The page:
Unfortunately, as numbers 27-30 entered the Rumble match, and I started deducting the number of people I knew were yet to enter, plus Bryan, from the remaining spots, and the numbers stopped adding up, that dream dissolved in front of me, and everyone else begging for a Bryan win. I’ve genuinely never heard anything quite like it – I’ve heard jokey chants, sarcastic chants, ‘end this match’ chants, but never blanket, frustrated boos at the product. Sheamus, who returned to a deservedly big pop, and REY MYSTERIO who, while being kinda milquetoast at times, is universally beloved, both got booed – there were even boos during the 619! It was truly surreal. Everyone had bought in to the first half of the narrative – Bryan being beaten and injured, and while waiting for the culmination of that and a Bryan win, instead saw Batista, who was returning after years of absence, out of shape and blown up, coming in to sight as the increasingly clear winner. It was enthusiasm for Bryan mixed with sheer disappointment at being given more of the same, and essentially told, as Batista said, to ‘deal with it’.

There are already a lot of angles being taken with this; all are very valid, and most represent great dissatisfaction. The first response is just anger and disbelief that while we witness a genuine phenomenon of organic, white hot support for Bryan that we want to ride in to the future of wrestling, the ‘powers that be’ both in kayfabe and in real life are continuing to support a status quo of prototype stars like Orton, Cena (and Batista, for that matter) that is starting to outlive it’s use, at least as the only answer to the question ‘what is a top star like?’ and denying what is plainly the truth – that while those stars will always have a place, the fans want something, and someone, new. The infinitely likeable, charismatic, and talented Bryan represents this new desire of the fans just like Bret Hart, Shawn Michaels, and Stone Cold Steve Austin have in the past, and yet the top brass seem to be not just ignoring this, but arrogantly asserting their righteousness by frustrating their own fans – the ‘Universe’ who they claim to serve above all else – with enforced reassertions of their former chosen stars – Cena, Orton, Rock, HHH, and now Batista. This is nothing new; the ‘Summer of Punk’ was the first outbreak of this fan-led protest as we saw Punk speak the minds of the fans, frustrated at the old status quo in what was, in retrospect, absurdly supposed to be a heel-like offering, but turned in to a rallying point for fans who wanted to see the passion, skill, and different style of Punk and his like prevail. Of course, Punk was only allowed so much slack by WWE before being given a placating 434 day Championship reign ended by who else but The Rock exactly a year ago today. Punk represented a lot of what Bryan represents now, and though they are not exactly the same (Punk is less likeable than Bryan, but more edgy; and slightly below Bryan’s in-ring standard, but above him in terms of mic work), they have both become the representations of the genuine fan support, as well as, conversely, fan frustration.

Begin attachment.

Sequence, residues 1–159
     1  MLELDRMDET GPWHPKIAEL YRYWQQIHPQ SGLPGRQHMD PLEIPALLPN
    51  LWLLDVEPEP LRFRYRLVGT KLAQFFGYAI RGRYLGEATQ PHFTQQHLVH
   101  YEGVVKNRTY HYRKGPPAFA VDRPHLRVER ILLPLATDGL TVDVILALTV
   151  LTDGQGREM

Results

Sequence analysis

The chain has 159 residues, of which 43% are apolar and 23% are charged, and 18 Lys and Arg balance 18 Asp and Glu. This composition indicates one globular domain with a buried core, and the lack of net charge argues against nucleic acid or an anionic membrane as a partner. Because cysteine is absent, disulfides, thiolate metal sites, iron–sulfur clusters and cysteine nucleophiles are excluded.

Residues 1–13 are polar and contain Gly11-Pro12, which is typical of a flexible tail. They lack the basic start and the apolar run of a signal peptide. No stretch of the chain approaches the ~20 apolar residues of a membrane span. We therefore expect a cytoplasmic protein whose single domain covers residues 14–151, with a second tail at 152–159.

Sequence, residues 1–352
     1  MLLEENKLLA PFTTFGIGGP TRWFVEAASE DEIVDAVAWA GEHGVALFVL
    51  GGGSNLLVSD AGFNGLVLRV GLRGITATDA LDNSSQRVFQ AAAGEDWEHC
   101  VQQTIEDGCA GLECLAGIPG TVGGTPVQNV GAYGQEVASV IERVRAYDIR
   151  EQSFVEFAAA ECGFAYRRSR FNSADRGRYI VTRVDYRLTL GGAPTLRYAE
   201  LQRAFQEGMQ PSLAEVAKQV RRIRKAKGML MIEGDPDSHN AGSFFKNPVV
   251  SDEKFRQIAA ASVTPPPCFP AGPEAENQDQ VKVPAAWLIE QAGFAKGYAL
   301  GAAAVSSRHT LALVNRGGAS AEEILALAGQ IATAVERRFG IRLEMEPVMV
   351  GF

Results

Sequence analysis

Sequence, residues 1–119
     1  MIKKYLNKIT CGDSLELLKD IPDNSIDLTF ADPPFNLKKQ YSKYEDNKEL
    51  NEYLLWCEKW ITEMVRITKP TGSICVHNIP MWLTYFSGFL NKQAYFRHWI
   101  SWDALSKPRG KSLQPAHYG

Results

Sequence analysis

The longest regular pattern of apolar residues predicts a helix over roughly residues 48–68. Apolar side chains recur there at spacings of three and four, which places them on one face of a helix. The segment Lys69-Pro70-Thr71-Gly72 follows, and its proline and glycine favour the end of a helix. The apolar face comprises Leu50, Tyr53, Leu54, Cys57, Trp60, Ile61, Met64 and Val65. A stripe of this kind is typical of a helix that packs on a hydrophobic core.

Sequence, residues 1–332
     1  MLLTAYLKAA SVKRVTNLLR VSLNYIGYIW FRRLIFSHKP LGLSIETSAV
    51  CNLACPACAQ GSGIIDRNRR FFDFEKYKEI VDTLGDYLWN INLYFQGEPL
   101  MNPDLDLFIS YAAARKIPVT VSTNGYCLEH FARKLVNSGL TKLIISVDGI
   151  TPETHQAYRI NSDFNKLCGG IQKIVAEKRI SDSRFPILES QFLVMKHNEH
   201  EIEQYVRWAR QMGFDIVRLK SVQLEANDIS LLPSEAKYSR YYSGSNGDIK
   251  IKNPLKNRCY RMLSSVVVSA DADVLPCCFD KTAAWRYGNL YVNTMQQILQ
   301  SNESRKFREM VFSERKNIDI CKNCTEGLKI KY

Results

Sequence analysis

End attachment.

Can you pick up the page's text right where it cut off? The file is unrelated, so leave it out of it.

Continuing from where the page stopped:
What is worse is that this isn’t simply a choice between one path that works against another, it’s a choice between what is hot and sustainable being passed over for a status quo which achieves short-term ratings and the odd buyrate, and could also cripple the future of the business. What happens when there are no more workable Cena’s, Orton’s Batista’s etc and only wrestlers we have been conditioned to see as secondary and less important? It is a dogmatic choice which flies in the face of not only profit, but sense, and the desire of their fans, all to protect the out-moded beliefs of the family which happen to hold the destiny of wrestling in their hands. They know people will keep watching because they are the only real game in town for most viewers (and indy fans who love wrestling and not just the WWE will keep watching because it represents something important to wrestling, and, it must be said, often features great wrestling). The fact that this is all so seemingly obvious and that we are being refused it is incredibly frustrating; all WWE need to do is pull the trigger on this, on Bryan, and watch a new and exciting era begin, but every time it seems like they might, something happens to make it seem that they just wont, and its so frustrating. I came up with the term ‘Yes-gasm’ as a jokey way to explain what its like to witness an audience connect so strongly with Bryan and the Yesses, but I think there may be something unconsciously accurate about it. It may seem crazy to compare what I’m about to speak about to an orgasm (it probably is), but there is definitely something to it. While there have been many instances of mass Yessing, they have mostly been in protest form, going back to the initial incarnation at WrestleMania 28. Since then we have been waiting for Bryan to finally make it as Champion, but we have always been frustrated by the booking of Bryan, and we have been waiting nearly two years for that relief, that release of being able to Yes enthusiastically in celebration without just waiting for the interruption that will frustrate us. Perhaps WWE are just teasing us to make the eventual Yes-gasm even more powerful (because that is indeed how it works, ladies and gentlemen). It gives WWE a lot of credit, and that is the angle i’ll discuss next.